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Weekend ReadsA US woman's divorce battle in Saudi Arabia shows the nightmare foreign women can face in its labyrinthine legal system

19:07  04 september  2019
19:07  04 september  2019 Source:   msn.com

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A US woman ' s divorce battle in Saudi Arabia shows the nightmare foreign women can face in its labyrinthine legal system . A US nurse involved in a tortuous legal battle in Saudi Arabia , in which she claims authorities have consistently discriminated against her because she is a foreign woman

Under Saudi Arabia ' s guardianship laws, every women must have a male guardian who decides all of their critical decisions, from obtaining a passport to travel. Divorce proceedings are extremely difficult for women in Saudi Arabia , with men heavily favored and women needing their ex-husband' s

A US woman's divorce battle in Saudi Arabia shows the nightmare foreign women can face in its labyrinthine legal system© Supplied
  • A US nurse's divorce battle against her Saudi husband shows the nightmare foreign women face in Saudi Arabia's sharia-based court system.
  • Teresa Malof, 51, divorced in 2015, but has struggled in Saudi Arabia's labyrinthine legal system. In the meantime, she is paying for her marital home in which her husband lives for free.
  • Speaking to Insider, Malof claims that the judge in Saudi Arabia has been consistently discriminating against her, and recently annulled her divorce.
  • The US Embassy has sent a diplomatic inquiry to the Saudi Ministry of Foreign Affairs in Malof's name, seeking clarification over the allegations. It is very rare for officials to involve themselves in such cases.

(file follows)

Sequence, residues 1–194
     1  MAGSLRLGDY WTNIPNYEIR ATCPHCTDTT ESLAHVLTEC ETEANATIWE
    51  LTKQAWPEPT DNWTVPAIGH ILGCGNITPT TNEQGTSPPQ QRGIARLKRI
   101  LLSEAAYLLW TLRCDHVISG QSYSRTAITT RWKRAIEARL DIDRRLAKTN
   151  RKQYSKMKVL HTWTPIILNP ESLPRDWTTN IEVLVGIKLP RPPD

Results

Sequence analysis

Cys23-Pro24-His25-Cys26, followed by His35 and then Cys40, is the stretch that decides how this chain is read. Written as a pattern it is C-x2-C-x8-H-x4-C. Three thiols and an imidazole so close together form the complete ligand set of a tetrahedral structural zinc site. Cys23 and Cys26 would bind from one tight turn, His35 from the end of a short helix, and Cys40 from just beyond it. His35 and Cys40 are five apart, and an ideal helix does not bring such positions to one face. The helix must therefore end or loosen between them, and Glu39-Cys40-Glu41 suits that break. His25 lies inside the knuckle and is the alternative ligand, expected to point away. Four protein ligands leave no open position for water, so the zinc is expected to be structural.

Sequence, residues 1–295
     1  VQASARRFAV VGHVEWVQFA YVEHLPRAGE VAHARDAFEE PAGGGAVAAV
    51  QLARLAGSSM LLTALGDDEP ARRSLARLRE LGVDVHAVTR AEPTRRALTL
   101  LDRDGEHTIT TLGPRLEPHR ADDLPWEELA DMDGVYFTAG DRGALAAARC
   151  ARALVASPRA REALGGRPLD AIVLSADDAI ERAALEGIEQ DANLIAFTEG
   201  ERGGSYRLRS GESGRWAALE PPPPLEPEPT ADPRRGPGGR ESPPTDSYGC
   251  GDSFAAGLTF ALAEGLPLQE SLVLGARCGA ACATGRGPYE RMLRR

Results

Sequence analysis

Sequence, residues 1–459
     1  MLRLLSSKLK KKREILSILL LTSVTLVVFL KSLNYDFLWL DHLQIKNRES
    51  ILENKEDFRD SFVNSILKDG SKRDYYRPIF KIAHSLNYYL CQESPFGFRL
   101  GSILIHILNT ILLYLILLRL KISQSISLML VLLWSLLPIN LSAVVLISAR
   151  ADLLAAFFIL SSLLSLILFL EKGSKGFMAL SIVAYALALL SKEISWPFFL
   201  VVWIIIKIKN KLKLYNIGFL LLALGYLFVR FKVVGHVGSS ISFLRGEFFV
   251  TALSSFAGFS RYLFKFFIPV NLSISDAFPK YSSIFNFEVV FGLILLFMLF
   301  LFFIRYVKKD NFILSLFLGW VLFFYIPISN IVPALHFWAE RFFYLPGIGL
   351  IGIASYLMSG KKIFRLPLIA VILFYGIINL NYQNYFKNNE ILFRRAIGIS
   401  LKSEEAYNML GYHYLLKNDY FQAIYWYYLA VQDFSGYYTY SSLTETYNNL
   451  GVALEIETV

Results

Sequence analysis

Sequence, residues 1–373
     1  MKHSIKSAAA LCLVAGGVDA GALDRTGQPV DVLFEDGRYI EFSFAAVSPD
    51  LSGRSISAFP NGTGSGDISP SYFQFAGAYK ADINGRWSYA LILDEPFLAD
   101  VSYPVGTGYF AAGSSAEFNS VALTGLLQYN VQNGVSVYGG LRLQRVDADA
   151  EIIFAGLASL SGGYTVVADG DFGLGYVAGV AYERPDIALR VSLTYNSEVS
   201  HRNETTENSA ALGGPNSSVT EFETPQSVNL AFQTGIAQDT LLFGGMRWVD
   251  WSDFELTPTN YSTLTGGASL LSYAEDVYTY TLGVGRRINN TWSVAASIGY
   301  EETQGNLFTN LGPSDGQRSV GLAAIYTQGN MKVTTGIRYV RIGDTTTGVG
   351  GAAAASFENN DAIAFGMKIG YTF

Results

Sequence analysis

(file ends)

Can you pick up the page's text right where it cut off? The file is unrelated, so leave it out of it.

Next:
• Arabic court documents reviewed by Insider corroborate parts of Malof's story.
  • The case follows that of Bethany Vierra, a US citizen who lost custody of her 4-year-old to her ex-husband's family after he used photos of her in a bikini to claim she was unfit to be a parent.

A US nurse involved in a tortuous legal battle in Saudi Arabia, in which she claims authorities have consistently discriminated against her because she is a foreign woman, shows how the legal system can be a minefield for foreign women.

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Teresa Malof, 51, says she has been mistreated in her attempts to divorce her ex-husband Mazen al-Mubarak, the father to her three children. As a result, she says, she is stuck paying for their martial home while he lives in it.

al-Mubarak, the son of Saudi Arabia's former ambassador to Qatar, has used her unfamiliarity with the Saudi legal system and inability to speak Arabic to turn the tables against her, she told Insider.

Malof, who is originally from Cincinnati, Ohio, married al-Mubarak in 2000 and filed for divorce in 2015. The divorce was approved, but the settlement is now bogged down in the courts.

The most obvious injustice, in Malof's view, is that al-Mubarak continues to live alone in a house in Riyadh for which she pays the mortgage of $2,831 a month.

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Insider has reviewed official Saudi court documents, which substantiate parts of Malof's account. They confirm that she launched legal proceedings to evict her ex-husband, made payments for the house while he lived there, and that she submitted formal complaints about the judge's conduct.

Malof claimed that, recently, the judge in her case abruptly annulled her divorce, making her technically married again. Malof contends that the judge did not have the power to do this.